|Team||1st Quarter||2nd Quarter||3rd Quarter||4th Quarter|
R.Whitehead, V.Richardson, C.Sharp, J.Kappler, H.Bruce, I.Nicolle
B.Mayman, S.Scrutton, C.Ryan, E.Colquhoun, O.Beatty, F.Odgers
I.Nicolle 2, S.Sellick 1
Best on Ground
35,157 (Adelaide Oval)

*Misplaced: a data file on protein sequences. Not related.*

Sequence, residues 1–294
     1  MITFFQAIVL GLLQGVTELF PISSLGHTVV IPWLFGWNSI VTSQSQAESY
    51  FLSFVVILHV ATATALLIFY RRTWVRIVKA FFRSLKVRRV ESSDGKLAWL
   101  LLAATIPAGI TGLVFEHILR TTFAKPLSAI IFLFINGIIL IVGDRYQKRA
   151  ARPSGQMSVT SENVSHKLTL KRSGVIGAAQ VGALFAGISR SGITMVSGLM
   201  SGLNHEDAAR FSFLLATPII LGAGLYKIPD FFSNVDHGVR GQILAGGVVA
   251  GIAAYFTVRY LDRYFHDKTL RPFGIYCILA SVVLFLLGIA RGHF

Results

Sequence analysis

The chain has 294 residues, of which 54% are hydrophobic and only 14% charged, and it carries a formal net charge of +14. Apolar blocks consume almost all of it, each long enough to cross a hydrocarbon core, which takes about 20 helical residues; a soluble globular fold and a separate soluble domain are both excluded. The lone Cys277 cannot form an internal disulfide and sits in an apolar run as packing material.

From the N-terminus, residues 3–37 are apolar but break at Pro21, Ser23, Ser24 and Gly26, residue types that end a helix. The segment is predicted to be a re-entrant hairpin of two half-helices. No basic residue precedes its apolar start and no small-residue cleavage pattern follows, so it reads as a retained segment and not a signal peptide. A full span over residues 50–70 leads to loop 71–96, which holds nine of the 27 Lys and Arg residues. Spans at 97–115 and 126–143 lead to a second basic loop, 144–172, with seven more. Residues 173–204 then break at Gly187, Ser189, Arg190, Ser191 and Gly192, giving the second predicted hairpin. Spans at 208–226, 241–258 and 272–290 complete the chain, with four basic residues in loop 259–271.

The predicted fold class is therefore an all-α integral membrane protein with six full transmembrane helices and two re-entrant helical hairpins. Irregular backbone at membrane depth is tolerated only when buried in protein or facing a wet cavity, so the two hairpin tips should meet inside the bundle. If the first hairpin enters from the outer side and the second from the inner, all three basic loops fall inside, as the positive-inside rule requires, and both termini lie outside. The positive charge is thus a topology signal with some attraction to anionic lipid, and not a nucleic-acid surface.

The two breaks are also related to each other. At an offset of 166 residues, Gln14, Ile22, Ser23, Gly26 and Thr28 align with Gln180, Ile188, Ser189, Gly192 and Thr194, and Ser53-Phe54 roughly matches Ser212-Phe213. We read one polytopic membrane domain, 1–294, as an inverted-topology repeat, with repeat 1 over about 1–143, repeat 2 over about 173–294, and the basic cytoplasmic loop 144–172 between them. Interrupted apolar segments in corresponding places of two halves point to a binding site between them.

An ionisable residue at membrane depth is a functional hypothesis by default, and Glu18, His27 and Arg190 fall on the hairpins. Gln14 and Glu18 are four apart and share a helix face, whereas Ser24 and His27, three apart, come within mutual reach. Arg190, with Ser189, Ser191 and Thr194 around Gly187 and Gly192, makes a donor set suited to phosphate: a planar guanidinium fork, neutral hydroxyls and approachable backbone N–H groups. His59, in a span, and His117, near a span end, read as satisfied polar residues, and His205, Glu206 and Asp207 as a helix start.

Sturt had claimed the Minor Premiership and played North Adelaide in the first Grand Final. This Grand Final had resulted in a draw, although Sturt did have an opportunity to win it, at the 27 minute mark of the final quarter with scores tied, Sturt’s Owen Beatty marked 35 yards from goal and only had to score for the Blues to claim the 1919 flag. He was in the position that most schoolboys dream of “kicking the winning goal in the Grand Final”, but it wasn’t to be for Owen, as his kick came off the side of his boot and did not score. Legend Victor Richardson was the stand out player for the Double Blues in this game, playing in the backline for the first three quarters and then being shifted forward in the last when the game needed to be won. Which team would be able to convert their chances in the Grand Final replay in front of 35,000 anxious fans and claim the 1919 Premiership? A strong breeze blew across the ground and from the outset both teams were evenly matched and no goals were scored in the first quarter, with the Roosters leading by only a point at quarter time. In the second quarter North took their opportunity and scored a goal, Sturt could only manage one point, going into the half-time break it was North by 7 points. Matters took a turn for the worse for the Blues in the third quarter with the team only managing another solitary point for the term, where as North scored 1.2. At three quarter time, with North leading by 14 points and Sturt only being able to score in total for the match so far, 4 points, it definately looked like the Premiership was gone and thoughts started to turn to the opportunities wasted in the first Grand Final. The Blues needed an early goal and finally were able to score their first goal for the game, thanks to Sam Sellick and hope began to return to the Blues faithful, then at the 14 minute mark, Ivor Nicolle kicked the Blues second goal and now the Roosters only led by 2 points. With only 2 minutes left in the game Owen Beatty marked again, only 30 yards from goal, even though he wasn’t able to kick a goal, he did score a point and this then reduced the lead to only 1 point. Most Sturt supporters would not know the name of the ANZAC Ivor Nicolle, but with only six seconds remaining in the match, he desperately marked within kicking range and took the most important kick of his life, a goal would mean Sturt had won, a point and another draw, when the bell rang……………….victory and the 1919 Premiership was Sturt’s, he had kicked the winning goal! The Roosters were held scoreless in the last quarter, while the Blues kicked 3.1 to comeback and snatch an unlikely victory from the jaws of defeat, ruckman Reg Whitehead was best on ground, but Ivor was the hero of the day, later in an interview about that shot, he commented that he wasn’t at all worried and knew that he would kick the winning goal!